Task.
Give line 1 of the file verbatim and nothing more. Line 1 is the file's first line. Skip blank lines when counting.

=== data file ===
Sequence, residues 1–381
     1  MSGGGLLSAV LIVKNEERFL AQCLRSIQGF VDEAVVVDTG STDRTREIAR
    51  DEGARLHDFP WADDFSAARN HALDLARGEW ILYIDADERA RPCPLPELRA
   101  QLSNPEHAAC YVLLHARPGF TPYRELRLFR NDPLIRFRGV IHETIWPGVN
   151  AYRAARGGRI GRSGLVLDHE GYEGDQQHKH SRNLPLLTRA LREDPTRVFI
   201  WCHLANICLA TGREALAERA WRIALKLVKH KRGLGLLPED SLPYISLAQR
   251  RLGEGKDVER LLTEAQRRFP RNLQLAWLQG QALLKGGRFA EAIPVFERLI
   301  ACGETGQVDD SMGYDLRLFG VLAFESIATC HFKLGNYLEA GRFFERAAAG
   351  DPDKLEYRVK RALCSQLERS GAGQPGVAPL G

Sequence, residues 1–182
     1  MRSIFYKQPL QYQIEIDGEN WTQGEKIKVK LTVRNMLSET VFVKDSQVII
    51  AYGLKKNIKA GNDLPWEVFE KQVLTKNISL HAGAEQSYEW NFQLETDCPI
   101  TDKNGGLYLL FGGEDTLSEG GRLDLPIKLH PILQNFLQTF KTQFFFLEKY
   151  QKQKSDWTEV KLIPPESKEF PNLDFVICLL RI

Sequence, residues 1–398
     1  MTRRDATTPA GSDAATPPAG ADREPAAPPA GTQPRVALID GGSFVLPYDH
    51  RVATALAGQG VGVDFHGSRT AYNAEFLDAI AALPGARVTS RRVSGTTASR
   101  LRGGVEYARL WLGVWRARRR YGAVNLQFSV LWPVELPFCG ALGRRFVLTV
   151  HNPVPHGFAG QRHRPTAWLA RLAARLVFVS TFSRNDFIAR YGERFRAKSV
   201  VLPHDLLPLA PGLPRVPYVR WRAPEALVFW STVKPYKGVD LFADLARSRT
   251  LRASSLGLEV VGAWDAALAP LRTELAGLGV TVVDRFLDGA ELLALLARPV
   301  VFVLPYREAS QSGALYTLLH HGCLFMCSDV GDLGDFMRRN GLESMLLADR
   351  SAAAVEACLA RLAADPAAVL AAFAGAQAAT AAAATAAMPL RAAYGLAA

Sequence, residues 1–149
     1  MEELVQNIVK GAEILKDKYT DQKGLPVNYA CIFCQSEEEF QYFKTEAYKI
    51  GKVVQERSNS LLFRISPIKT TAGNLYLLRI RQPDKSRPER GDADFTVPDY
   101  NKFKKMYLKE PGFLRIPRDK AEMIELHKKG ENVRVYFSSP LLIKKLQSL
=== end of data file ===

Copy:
Sequence, residues 1–381